Waiting for Superman | Documentary Review
Education is important. And the education system in the United States is broken. That's what I took away from Waiting for "Superman", a documentary film by David Guggenheim. While not a flashy documentary, the stories followed in this film were woven together well. Quite an amazing fact considering the vast scope of material that this film covers.
In the 1970's the United States was among the world leaders in education. Now, among industrialized nations, the United States ranks near the bottom. So much so that American companies in Silicon Valley must reach outside of our borders to hire the people with the right qualifications to move their businesses forward. Systems that were put in place in a post World War II society have not been changed since the end of the war. Society has moved on but the systems used to educate the youth through public school systems has not.
Teachers unions came across as a large part of the reason for the inadequacies in the public education sector. For reasons well defined and needed a generation ago, teachers unions today, according to the film, are much, if not the main, hindrance in opening up new systems that allow for more accountability and incentive programs for teachers.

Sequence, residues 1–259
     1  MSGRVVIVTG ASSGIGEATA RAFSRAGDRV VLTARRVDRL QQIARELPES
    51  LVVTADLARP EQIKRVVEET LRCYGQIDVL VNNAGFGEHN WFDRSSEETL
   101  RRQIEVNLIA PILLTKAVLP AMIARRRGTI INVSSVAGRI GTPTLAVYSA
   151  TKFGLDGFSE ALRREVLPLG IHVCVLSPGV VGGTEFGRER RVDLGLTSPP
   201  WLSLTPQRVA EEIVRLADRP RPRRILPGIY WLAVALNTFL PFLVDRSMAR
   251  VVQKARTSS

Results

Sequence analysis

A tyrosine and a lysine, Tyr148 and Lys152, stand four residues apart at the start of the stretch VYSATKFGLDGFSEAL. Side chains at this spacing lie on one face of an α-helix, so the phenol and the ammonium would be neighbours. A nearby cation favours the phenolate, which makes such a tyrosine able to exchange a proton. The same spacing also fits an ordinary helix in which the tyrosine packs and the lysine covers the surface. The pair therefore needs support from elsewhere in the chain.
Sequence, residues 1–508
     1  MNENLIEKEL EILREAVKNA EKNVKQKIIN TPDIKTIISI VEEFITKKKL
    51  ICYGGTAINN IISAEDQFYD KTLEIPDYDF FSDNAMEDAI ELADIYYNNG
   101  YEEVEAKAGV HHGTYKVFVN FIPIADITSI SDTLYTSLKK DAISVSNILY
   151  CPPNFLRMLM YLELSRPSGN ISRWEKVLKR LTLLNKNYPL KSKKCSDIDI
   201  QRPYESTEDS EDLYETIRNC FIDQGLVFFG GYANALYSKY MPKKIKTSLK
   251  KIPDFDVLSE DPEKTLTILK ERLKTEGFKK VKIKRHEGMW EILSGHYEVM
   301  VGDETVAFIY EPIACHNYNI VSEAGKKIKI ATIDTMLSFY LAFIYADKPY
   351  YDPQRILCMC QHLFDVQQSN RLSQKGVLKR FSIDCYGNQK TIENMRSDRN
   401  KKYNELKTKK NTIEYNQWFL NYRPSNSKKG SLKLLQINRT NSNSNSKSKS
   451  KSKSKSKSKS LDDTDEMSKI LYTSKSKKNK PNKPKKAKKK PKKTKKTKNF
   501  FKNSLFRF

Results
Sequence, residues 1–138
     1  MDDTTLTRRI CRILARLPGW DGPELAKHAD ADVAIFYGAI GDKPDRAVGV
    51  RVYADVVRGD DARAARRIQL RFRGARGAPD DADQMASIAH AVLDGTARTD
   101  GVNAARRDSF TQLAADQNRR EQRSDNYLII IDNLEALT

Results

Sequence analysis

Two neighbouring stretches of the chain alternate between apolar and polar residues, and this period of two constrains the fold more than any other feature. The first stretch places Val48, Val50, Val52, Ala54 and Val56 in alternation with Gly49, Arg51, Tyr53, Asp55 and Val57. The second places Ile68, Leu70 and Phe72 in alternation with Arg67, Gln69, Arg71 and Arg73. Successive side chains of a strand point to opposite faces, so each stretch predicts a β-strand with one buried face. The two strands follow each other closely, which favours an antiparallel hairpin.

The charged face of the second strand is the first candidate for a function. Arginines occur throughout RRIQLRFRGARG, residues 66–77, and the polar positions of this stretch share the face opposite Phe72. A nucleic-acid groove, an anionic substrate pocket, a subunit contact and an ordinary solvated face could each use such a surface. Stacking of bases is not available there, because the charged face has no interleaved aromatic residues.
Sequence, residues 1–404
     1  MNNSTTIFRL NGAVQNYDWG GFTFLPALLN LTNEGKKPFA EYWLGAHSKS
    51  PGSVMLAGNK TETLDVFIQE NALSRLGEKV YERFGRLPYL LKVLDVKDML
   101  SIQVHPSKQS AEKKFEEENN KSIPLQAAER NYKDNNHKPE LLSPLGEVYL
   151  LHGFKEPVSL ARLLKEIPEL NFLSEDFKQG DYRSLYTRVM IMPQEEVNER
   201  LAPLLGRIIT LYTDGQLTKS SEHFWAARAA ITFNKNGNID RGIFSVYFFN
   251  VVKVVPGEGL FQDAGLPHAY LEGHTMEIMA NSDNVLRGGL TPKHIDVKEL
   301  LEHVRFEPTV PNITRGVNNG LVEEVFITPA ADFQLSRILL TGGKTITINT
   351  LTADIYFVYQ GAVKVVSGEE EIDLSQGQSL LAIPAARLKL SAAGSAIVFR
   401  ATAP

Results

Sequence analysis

Waiting for Superman does not play the role of Superman with regard to solving the education crisis facing the United States. By this I mean that this film does not offer the solution. It focuses on some strong individuals within a number of different school districts across the country and places them just below "hero" status as examples of what it takes and will take to rebuild the education system. But this film does little to point the viewer into which solution is best. Or for that matter, Waiting for Superman does little to show what actually can be done. If there is a sense of activism behind the film its simple; we have to care about our children and our future. Be part of the system that you are in, even if it is broken. Waiting for Superman to come and save the day cannot be our plan.
Good film. Well structured. With just the right amount of fun graphics and music to keep a dismal story entertaining.